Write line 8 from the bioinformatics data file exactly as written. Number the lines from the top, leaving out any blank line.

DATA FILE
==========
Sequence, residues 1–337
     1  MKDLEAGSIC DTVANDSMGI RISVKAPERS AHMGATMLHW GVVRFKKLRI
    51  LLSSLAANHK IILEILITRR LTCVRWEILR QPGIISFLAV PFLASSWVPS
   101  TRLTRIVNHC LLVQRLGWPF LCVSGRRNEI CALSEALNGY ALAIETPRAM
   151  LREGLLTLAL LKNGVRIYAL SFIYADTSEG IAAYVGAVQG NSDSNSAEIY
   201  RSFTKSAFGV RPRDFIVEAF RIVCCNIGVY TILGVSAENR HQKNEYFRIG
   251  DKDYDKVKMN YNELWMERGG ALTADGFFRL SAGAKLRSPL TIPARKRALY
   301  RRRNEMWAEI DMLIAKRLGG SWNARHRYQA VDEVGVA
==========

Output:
   301  RRRNEMWAEI DMLIAKRLGG SWNARHRYQA VDEVGVA